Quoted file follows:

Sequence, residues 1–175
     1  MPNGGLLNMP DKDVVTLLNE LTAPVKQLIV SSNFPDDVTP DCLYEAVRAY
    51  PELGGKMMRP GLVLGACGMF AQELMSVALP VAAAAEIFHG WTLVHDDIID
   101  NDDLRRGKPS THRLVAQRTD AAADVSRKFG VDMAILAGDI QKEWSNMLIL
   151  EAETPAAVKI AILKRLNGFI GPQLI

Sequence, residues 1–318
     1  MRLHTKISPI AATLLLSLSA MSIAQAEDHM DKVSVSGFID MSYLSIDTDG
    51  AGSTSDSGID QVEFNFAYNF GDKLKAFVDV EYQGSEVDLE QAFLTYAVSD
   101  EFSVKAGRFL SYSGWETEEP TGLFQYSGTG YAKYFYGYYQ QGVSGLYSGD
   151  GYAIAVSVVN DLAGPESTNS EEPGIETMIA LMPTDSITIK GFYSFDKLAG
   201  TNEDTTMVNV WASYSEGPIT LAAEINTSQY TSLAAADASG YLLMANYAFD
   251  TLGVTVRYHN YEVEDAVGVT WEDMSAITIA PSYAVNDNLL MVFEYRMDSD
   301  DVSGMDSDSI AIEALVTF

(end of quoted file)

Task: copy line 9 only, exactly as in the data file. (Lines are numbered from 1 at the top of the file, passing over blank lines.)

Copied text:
   101  EFSVKAGRFL SYSGWETEEP TGLFQYSGTG YAKYFYGYYQ QGVSGLYSGD